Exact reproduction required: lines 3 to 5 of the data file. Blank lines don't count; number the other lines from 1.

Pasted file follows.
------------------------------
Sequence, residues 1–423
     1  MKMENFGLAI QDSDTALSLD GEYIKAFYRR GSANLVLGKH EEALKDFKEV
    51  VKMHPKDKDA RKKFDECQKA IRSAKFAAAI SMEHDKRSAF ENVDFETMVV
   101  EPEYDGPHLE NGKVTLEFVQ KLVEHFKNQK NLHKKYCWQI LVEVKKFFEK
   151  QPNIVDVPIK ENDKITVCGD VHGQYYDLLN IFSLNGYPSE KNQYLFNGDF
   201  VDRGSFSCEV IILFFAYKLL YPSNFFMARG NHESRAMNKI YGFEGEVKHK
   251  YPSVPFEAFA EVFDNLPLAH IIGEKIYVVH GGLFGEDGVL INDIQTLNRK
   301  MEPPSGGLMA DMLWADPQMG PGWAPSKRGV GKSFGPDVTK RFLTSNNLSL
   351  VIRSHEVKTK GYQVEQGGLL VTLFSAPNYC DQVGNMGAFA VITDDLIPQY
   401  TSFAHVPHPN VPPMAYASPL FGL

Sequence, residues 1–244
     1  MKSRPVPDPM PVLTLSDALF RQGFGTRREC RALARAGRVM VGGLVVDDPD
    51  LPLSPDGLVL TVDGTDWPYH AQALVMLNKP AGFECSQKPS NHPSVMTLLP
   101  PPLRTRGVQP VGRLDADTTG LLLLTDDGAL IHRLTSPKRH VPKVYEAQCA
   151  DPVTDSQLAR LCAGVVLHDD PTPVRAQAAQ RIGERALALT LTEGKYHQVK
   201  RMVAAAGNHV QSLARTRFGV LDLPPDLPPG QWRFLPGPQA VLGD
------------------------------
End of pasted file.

    51  VKMHPKDKDA RKKFDECQKA IRSAKFAAAI SMEHDKRSAF ENVDFETMVV
   101  EPEYDGPHLE NGKVTLEFVQ KLVEHFKNQK NLHKKYCWQI LVEVKKFFEK
   151  QPNIVDVPIK ENDKITVCGD VHGQYYDLLN IFSLNGYPSE KNQYLFNGDF